Entrance to an Islamic paradise
In one of the most famous stories from the Tales of the Arabian Nights, Ali Baba discovers the secret words which open the cave where a store of fabulous treasures have been hidden. "Open Sesame'' is also an appropriate title for the exhibition which will launch Glasgow's festival of Muslim art and culture on May 9.
The idea for a year-long festival ("Salaam'' means "peace'' in Arabic) was conceived in 1993. Stefan van Raay, senior curator of art and co-ordinator of the festival, says: "We began discussing the idea of a series of festivals which would focus on the various ethnic communities represented in Glasgow. We saw this as a way to reach new audiences and to promote a tolerance and understanding of other cultures. As Muslims are by far the biggest ethnic group in the city, and we already have a large collection of Islamic artefacts with a specialist curator to look after them, it made sense to start there."
A steering group was formed in 1995, and what started out as a relatively small event snowballed into a programme of six exhibitions plus workshops, song and story sessions, lectures and demonstrations.
The festival's major event - and the one which will be of particular interest to primary schools and special needs - is the "Open Sesame'' show at Kelvingrove (to be reviewed on May 16). This runs from May 9 until next April and promises to be a magical experience - "A walk through an idealised Muslim city and beyond to an idealised Islamic paradise,'' in the words of co-curator Antonia Lovelace. Adding to the atmosphere will be some of the sights, sounds and smells of Arabia. All with a view to giving a better idea of Muslim culture, what it stands for and how it "permeates everything in this life and the afterlife''.
A related schools' programme will run at Kelvingrove for the duration of the show, with printmaking for Primary 4 and upwards, puppet workshops for Primary 6 and 7 and songs and stories for pre-school and P1. The programme, which is free and open to all schools, will operate during May and the first part of June and will be repeated twice when schools return in August.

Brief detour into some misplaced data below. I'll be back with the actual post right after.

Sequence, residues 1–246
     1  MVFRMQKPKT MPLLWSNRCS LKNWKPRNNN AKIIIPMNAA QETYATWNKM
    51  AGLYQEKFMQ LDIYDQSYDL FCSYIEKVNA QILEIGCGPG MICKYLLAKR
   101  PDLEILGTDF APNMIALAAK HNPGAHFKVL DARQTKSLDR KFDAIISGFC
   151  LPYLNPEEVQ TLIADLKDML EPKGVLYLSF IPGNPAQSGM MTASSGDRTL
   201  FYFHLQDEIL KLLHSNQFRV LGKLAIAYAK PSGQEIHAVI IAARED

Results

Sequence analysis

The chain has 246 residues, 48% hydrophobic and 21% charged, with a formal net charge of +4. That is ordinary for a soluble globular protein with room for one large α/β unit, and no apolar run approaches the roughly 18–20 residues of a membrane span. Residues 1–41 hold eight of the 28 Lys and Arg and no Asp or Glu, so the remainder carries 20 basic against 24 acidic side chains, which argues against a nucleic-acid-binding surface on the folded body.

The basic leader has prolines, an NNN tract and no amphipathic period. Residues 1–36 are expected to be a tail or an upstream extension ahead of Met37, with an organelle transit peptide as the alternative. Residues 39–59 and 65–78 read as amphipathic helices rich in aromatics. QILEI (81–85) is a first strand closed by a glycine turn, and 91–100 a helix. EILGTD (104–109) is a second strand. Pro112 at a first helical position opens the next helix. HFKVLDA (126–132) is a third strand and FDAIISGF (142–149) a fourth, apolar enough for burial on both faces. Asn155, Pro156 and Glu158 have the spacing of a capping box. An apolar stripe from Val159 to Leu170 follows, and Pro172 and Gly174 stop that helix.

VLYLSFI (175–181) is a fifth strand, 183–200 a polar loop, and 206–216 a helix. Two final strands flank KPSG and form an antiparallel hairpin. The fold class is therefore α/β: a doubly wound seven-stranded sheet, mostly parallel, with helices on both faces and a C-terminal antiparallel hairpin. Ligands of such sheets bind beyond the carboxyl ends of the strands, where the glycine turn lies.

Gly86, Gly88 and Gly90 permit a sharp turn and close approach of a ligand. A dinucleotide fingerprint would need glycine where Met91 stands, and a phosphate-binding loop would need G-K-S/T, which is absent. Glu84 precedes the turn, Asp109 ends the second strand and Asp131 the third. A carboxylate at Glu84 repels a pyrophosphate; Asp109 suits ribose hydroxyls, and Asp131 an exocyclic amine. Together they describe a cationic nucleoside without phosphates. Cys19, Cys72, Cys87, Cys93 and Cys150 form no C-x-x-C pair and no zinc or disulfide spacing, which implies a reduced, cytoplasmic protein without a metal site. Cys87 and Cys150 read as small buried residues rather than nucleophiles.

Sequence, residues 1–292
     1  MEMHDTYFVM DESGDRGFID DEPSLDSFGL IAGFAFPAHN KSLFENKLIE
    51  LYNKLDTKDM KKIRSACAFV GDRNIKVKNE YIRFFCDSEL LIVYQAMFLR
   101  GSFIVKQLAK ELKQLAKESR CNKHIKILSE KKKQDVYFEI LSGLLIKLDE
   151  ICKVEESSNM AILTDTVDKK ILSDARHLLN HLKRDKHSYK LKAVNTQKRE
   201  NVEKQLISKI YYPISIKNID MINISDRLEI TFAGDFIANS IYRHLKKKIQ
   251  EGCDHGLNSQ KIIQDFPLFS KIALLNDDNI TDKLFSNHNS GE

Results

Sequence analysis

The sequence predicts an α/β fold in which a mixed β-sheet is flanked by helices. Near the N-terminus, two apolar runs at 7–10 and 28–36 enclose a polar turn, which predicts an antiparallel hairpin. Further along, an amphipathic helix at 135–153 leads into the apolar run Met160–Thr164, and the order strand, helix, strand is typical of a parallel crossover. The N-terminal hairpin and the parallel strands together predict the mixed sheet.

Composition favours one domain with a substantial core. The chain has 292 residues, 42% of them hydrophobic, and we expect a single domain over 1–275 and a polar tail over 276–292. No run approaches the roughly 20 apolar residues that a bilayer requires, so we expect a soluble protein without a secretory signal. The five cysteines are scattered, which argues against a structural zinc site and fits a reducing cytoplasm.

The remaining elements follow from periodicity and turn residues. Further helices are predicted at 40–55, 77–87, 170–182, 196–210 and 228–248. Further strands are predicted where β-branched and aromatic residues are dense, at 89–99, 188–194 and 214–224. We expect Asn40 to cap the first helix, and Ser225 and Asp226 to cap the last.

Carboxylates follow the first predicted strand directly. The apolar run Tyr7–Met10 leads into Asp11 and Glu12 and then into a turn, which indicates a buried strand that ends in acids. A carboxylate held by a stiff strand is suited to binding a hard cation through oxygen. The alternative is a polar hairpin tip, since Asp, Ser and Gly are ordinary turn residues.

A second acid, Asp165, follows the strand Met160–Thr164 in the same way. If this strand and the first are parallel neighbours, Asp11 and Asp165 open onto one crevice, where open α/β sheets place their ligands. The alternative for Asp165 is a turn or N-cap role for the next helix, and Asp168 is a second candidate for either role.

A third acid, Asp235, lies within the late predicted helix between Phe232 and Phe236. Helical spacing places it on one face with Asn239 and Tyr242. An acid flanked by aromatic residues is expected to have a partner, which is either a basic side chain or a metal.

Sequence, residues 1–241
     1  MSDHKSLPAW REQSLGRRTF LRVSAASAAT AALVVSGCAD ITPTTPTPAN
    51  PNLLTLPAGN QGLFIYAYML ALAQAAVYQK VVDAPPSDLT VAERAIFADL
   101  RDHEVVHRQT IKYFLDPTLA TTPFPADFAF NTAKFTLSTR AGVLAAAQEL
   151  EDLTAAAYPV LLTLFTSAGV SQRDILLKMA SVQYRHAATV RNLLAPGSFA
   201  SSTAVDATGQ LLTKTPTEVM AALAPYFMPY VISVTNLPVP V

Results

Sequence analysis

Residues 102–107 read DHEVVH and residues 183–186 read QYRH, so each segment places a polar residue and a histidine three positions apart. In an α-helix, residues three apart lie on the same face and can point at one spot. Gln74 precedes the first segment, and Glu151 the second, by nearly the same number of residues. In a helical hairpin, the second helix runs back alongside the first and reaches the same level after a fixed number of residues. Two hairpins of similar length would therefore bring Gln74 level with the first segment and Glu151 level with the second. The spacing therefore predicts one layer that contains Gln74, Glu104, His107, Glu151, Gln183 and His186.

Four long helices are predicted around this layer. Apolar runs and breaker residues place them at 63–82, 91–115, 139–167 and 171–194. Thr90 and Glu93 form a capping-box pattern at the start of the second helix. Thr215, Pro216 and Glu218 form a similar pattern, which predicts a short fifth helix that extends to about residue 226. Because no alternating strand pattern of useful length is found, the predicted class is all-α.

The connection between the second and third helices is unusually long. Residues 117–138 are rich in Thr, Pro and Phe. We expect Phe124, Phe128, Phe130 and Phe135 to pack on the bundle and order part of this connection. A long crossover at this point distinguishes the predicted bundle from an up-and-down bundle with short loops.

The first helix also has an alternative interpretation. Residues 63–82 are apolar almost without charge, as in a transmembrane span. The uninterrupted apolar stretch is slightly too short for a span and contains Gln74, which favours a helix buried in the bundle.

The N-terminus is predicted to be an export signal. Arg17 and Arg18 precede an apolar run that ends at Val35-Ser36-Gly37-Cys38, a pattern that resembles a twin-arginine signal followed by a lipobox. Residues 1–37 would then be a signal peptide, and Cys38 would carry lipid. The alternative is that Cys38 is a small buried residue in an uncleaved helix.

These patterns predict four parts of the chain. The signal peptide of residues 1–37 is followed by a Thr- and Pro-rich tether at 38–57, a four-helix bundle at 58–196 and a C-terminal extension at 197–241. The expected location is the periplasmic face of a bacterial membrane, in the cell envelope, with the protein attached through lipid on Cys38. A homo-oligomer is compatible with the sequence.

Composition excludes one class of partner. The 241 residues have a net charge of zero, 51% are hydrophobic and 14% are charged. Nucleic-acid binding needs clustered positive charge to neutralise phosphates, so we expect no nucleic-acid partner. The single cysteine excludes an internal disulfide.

Across the road at the Transport Museum will be "Truck Art'', throughout May, where visitors can watch a team of women from Karachi transforming a van and a bus from mere vehicles to things of beauty, with the help of school children's designs. The single-decker bus, decorated in contemporary Pakistani "truck art'' style will be used from the beginning of June to transport schools and community groups in the Glasgow area to and from the festival venue of their choice, free of charge.
Other venues they might visit include the Burrell Collection, which from June 13 until August 31 will host an exhibition of exquisite paintings, sculptures and prints, produced by Indian artists between the 16th and 19th centuries during a time of strong European influence; and the Gallery of Modern Art, where from July 4 to September 21 three modern British-based artists with Muslim roots will exhibit photographs, sculptures and installations.
At the St Mungo Museum on August 8 "The Veil in Islam'' opens for a six-month run and is expected to be both controversial and thought-provoking. A special video of interviews with Glasgow women who do and don't wear the veil has been prepared and workshops for senior pupils are scheduled from September to December (details from Jem Fraser).
* Brochures for the Salaam festival will be available from Glasgow museums and libraries.
* For details and bookings for Open Sesame workshops, contact education officer Jem Fraser, tel: 0141 287 2747.
* For details of the truck, contact Melanie Ingram, tel: 0141 287 5850. Schools and groups outside the Glasgow area can also book the multi-coloured bus but must pay.